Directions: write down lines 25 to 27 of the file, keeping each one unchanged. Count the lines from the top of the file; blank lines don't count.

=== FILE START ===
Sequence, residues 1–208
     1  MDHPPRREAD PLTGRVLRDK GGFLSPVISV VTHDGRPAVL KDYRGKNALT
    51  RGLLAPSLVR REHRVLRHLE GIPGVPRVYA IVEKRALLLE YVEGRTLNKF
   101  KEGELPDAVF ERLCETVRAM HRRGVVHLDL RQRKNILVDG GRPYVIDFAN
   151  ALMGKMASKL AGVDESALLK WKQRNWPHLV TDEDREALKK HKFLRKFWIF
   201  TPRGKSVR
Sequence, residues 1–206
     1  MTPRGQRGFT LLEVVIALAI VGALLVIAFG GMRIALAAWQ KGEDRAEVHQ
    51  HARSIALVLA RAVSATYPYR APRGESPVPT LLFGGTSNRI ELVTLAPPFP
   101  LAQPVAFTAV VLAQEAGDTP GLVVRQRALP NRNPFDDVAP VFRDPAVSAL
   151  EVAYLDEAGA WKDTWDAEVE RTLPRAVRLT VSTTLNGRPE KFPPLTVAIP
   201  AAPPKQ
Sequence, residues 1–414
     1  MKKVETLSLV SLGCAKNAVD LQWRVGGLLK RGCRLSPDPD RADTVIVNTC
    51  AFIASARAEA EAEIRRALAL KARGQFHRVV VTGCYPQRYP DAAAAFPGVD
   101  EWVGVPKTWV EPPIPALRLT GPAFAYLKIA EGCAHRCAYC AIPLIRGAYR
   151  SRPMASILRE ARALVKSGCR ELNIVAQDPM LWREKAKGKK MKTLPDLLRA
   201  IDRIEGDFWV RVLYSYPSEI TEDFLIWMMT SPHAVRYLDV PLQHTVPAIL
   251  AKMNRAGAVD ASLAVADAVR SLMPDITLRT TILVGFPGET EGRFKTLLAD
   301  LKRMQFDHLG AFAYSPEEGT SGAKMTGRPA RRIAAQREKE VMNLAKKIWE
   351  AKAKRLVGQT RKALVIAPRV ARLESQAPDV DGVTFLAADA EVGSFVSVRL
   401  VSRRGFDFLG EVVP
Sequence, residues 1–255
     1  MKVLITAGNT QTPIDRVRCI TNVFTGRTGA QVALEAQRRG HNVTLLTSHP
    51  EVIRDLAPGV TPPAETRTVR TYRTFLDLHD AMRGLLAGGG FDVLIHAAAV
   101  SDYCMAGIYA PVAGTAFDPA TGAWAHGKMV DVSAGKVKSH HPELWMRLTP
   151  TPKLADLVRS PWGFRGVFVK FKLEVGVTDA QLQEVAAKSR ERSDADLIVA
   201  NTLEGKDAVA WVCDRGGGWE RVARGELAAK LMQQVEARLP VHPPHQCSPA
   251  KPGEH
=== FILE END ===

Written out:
    51  EVIRDLAPGV TPPAETRTVR TYRTFLDLHD AMRGLLAGGG FDVLIHAAAV
   101  SDYCMAGIYA PVAGTAFDPA TGAWAHGKMV DVSAGKVKSH HPELWMRLTP
   151  TPKLADLVRS PWGFRGVFVK FKLEVGVTDA QLQEVAAKSR ERSDADLIVA